Josephine Baker: A Breakthrough Starlet of the 1920's

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Ask anyone who the great starlet of the 1920s was and they will all say the beautiful and talented Josephine Baker. Josephine was known by many names, Freda Josephine McDonald her birth name, Josephine Baker her stage name, as well as “Black Venus”, “Black Pearl” and Creole Goddess (Louck "The Official Josephine Baker Website"). No matter whom Josephine was known as this does not distinguish the amount of work succeeded by Baker. Josephine Baker was an African American who broke free from racial offense by playing an important role in the Harlem Renaissance and showing people that she could become a respected dancer regardless of her race.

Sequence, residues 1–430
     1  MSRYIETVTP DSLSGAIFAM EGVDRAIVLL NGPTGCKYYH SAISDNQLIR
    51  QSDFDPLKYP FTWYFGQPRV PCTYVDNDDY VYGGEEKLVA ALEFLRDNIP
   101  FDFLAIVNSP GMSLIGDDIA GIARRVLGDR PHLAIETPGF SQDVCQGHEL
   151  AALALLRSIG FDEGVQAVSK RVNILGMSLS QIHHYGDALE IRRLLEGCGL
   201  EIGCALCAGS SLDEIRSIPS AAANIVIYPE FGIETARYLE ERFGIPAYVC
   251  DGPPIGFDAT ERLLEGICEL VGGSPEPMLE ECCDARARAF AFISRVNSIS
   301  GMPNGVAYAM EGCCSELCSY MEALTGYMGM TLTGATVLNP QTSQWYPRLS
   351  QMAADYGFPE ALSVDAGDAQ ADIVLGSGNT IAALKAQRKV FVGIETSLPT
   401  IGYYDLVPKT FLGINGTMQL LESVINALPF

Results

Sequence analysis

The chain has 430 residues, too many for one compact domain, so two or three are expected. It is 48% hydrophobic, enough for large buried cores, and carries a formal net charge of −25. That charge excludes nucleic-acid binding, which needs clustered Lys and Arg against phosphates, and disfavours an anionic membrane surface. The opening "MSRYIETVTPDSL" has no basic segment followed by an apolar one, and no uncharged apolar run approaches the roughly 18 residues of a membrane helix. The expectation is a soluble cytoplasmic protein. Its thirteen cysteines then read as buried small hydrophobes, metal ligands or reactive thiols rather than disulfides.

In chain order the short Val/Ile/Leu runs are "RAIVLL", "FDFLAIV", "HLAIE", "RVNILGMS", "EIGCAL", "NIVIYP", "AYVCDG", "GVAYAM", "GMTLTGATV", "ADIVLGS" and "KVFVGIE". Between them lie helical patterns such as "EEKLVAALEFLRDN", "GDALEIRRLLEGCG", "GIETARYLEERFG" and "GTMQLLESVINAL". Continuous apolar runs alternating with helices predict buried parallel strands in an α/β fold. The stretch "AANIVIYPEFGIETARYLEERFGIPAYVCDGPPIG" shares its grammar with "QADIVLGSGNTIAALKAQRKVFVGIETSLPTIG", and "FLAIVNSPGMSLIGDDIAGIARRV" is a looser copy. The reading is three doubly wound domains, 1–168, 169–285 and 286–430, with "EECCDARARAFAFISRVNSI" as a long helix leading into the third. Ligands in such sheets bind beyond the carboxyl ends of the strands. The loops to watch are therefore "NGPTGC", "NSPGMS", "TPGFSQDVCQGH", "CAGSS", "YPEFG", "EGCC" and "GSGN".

Josephine was born in St. Louis, Missouri on June 3, 1906 to Carrie McDonald a washerwoman and Eddie Carson a vaudeville drummer. Freda Josephine McDonald grew up in East St. Louis in the prime time that many black were crossing the Mississippi river, which made a big impression on Baker as a teenager. Josephine was very independent and did not depend on a man for financial support. By the age of 13, Josephine had joined The Jones Family Band, where she carried to completion various comical skits. After the troupes split, Baker auditioned as a chorus girl for the Dixie Steppers in Shuffle Along. At first Josephine was declined because she was “too skinny and too dark” (Louck "The Official Josephine Baker Website"). This in no way discouraged Baker. While working as a dresser, Josephine learned the routines and was by default the best

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